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DIFF Student Reviews: Gipsy Queen

Virgin Media Dublin International Film Festival

As part of our partnership with the Dublin International Film Festival, several Media students were given the opportunity to screen and review films appearing at the festival. Here, Michaela Quinn reviews Hüseyin Tabak's Gipsy Queen.

A boxing drama with a surprising protagonist, Gipsy Queen follows Ali (Alina Serban), a Roma single mother living in Hamburg, trying to make ends meet against all odds.

Director Hüseyin Tabak (Your Beauty Is Worth Nothing, Cheeese...) puts us in a state of unease from the get-go and does not let up. The film opens with a close-up of Ali's face beaded with sweat as she gives birth alone, her young daughter banished to another room. Disowned by her family and ostracised from her community, she must make it on her own.

The story is fed to us bit by bit, and we are kept anxiously wondering what may happen next. It is impossible to look away, blink and you may miss a drastic shift in events. Gritty realism is created with a dull palette and shaky hand-held camera which follows Ali as she toils to put food on the table. She never rests except for the brief moments she pauses on the waterfront in the beautifully composed shots which mark the plot's turns.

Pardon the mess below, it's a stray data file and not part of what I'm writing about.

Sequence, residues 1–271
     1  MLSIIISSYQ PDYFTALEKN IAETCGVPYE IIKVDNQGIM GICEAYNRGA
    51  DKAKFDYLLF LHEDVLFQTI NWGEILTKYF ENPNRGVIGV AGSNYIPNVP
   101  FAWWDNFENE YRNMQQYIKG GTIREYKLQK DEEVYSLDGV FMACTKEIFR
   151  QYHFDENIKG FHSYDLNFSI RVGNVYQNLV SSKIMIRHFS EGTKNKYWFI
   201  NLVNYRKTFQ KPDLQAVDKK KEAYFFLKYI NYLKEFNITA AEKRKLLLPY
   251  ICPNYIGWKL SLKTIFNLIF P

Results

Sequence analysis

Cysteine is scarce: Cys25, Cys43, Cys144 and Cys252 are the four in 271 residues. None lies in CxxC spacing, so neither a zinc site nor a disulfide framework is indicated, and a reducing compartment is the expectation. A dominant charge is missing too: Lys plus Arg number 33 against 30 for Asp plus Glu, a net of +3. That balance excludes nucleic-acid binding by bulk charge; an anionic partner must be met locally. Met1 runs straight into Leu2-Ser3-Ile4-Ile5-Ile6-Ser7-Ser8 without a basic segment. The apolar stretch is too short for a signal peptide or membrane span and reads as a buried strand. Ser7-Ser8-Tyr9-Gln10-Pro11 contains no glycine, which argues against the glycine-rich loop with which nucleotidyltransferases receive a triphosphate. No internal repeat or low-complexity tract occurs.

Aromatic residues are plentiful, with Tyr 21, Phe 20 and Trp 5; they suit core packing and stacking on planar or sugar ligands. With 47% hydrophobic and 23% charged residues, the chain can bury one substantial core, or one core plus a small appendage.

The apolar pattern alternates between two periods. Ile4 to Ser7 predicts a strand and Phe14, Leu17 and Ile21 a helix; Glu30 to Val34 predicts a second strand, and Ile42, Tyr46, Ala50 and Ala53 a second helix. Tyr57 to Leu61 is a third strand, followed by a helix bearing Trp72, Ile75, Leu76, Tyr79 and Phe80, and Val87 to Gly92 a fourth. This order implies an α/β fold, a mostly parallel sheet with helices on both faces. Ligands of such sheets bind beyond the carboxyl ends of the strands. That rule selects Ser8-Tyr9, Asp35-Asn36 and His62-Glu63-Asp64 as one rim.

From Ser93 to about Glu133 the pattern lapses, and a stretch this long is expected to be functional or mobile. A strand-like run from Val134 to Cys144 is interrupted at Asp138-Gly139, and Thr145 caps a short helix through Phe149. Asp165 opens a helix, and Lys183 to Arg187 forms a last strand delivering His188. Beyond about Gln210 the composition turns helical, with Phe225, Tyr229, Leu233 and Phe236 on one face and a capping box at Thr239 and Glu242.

Her determination and desperation are overwhelming. In one scene while standing on the street curb waiting for work she begs her housemate Maria to find a full-time job and bring in more money. When a car pulls up looking for cheap labour to clear asbestos, Ali is the first one to climb aboard.

It is one of these low-paid jobs that lands her in the path of Tanne (Tobias Moretti), owner of a boxing bar, and ominously nicknamed ‘the black cat’. He, like Ali, seems ill-fated and bound by misfortune; he still covets boxing renown though his moment has passed. It is through Tanne she finds herself back in the ring her father raised her in.

Despite being at home in the ring, It is difficult to shake a feeling of unease, we are never sure if all will come good in the end.

Serban’s performance is outstanding, her physical acting alone tells this story of determination, strife and injustice. Ali is the Gipsy Queen, and Tabak puts us firmly in the ring with her. By the end, it is impossible not to find yourself chanting her name with the crowd.

Michaela Quinn is studying for a master’s in TV and Radio Journalism at Griffith College Dublin. With a background in film studies, language and literature, she is passionate about a good auld tale. She writes intermittently on her blog.

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